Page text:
|Autoroute food: Aire de Terres-les-Graves, near Bordeaux, 30th September 2016|
I return with a head full of almonds, some of them sweet, and some of them bitter with the intensity of a suppressed cure for cancer.
I can't spin down to earth yet, and Tomas Tranströmer's poems of dreaming and waking, which I'm re-reading for the umpteenth time, have an air about them, an air like the burly October crowns of the trees as we drive back north, a new and pressing intensity of interest.
As the bites of insects and the brush of a jellyfish begin to quieten on my skin, as the smell of diesel is showered away, I am, or someone is, that traveller with the dispersed ego who appears in Tranströmer's characteristic present tense.
In day's first hours consciousness can grasp the world
as the hand grips a sun-warmed stone.
The traveller is standing under the tree. After
the crash through death's turbulence, shall
a great light unfold above his head?
(The end of "Prelude", the first poem in Tranströmer's first book, 17 Poems )
Behind waking life there is a deeper and larger community of the sleeping, the dreaming and the dead. In this larger community we can meet each other: opposites purged of our divided cultures, languages and - that current tool of the demagogue - "national identities" (".... divided cultures and people flow together in a work of art..." as Tranströmer described his poetry). He was writing in a more blessed time than today, in some ways. This makes his poems doubly precious because no-one could write them now, but also they are limited simply by not having the problems of 2016. So it must always be.
All of these thoughts run around my reading of the following poem, from The Wild Market Square.
Nineteen Hundred and Eighty
His glance flits in jerks across the newsprint.
Feelings come, so icy they're taken for thoughts.
Only in deep hypnosis could he be his other I,
his hidden sister, the woman who joins the hundreds of thousands
screaming 'Death to the Shah!' - although he is already dead -
a marching black tent, pious and full of hate.
Jihad! Two who shall never meet take the world in hand.
(The Shah, Mohammad Reza Shah Pahlavi, was deposed in February 1979. He died in exile in Egypt on 27th July, 1980.)
Tranströmer links, but sharply contrasts, his two protagonists: the newspaper-reading male whose emotional life is so cold that he himself believes it is rational thinking; and the impassioned woman (seen, no doubt, on the TV) who has joined a celebratory mob in Iran, so seemingly emotive and irrational that she yells for a death that she knows has already happened, what's more in a cause directly against the interests of Iranian women, as you might reflect from a westernized perspective. (It was well known, however, that the Shah's human rights record was far from spotless, to say nothing of the royal family's relentless accumulation of personal wealth.)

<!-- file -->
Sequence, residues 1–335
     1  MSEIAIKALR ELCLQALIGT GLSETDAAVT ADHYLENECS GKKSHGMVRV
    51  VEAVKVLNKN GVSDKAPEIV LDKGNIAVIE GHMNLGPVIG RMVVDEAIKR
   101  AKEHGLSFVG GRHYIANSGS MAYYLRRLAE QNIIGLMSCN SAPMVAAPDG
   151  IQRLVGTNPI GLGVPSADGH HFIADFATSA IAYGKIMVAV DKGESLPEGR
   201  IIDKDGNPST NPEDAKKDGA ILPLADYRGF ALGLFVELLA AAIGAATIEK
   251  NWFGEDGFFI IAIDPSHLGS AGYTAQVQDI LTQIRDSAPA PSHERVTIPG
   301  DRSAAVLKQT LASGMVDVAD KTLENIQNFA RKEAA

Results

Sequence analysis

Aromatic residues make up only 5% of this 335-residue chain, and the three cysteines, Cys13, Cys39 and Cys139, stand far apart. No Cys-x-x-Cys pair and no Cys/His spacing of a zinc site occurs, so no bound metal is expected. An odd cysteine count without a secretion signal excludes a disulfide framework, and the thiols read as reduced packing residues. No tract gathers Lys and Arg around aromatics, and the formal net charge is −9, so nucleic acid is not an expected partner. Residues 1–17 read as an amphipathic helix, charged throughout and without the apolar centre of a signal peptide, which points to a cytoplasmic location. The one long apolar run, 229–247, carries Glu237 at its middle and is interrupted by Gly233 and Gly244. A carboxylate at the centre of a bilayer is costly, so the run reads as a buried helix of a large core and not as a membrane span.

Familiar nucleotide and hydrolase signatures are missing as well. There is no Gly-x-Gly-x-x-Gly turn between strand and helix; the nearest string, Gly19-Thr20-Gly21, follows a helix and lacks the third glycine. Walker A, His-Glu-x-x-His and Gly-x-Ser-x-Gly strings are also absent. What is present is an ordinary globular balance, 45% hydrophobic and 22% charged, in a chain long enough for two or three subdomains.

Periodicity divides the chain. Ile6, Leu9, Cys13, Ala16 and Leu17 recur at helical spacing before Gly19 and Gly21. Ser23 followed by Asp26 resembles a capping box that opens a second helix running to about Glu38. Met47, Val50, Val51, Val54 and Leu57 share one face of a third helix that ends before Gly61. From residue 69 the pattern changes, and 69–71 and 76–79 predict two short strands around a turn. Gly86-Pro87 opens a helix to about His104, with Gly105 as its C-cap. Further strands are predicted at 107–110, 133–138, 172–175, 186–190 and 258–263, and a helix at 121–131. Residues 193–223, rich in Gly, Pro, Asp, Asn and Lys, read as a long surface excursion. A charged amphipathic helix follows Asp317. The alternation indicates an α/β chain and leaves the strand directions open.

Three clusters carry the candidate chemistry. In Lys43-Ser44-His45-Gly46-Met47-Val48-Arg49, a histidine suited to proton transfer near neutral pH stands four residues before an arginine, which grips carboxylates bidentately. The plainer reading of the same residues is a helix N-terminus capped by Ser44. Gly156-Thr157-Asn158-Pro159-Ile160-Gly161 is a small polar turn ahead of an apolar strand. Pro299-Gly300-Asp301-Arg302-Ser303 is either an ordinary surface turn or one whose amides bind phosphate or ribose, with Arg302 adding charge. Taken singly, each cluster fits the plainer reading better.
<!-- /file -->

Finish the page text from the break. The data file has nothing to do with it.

From our later perspective TT's foray into the Islamic world feels - a weasel word, this - a touch "simplistic"; he has not witnessed so much debate around the word "jihad" as we have done since; and we can sense that the Islamism glimpsed in his poem is still something comfortably far away and picturesque. The marching black tent is not marching in the direction of the Stockholm archipelago.
But even though I feel these things, they somehow don't harm the poem. In fact you could say that subsequent events have sharpened it.
This depends partly on how we read the final words. Do this ill-assorted pair of people truly mould the world (as, since the poem was written, Islamism may certainly be said to have done), or do they merely take the world in hand in a helpless, clutching kind of way? But the poetry seems to refuse to make this distinction, just as it refuses to regard dreaming as unimportant compared to waking. This poem still carries the neutral sense of the image I quoted from that early poem: of grasping a warm stone.
In most ways I approve that refusal to make the distinction. But I also think I see why Tranströmer's influence on mainstream poetry is as potent as it is. *
His poems overwhelm us with the simple strength of their acceptance of the imaginative life. But by proposing the life of nature and dreams and the dead as valuable topics, he also offers, for those who want to find it, a most reassuring apology for educated western lifestyles.
[Translations by Robin Fulton.]
* Wikipedia continues to report that there was a mixed response to his Nobel Prize in 2011, but this is extremely misleading. Of course the newspapers sought out the usual cynical quotes about the committee being Eurocentric in general and Swedocentric in particular. But it was swiftly apparent that these quotes betrayed an embarrassing ignorance of contemporary poetry. Tranströmer may have been Swedish but he was not, as the newspapers too readily assumed, an obscure figure outside Sweden. On the contrary, his poems had been very widely translated and very widely admired: his international reputation was right up there with Ashbery or Walcott. Indeed he exemplified the ideal of being both a local poet and a world poet: something much dreamed of by mainstream poets and readers, but not often so unequivocally achieved..
|Morning tea and shower: Área de servicio La Ribera, near Oropesa, 27th September 2016|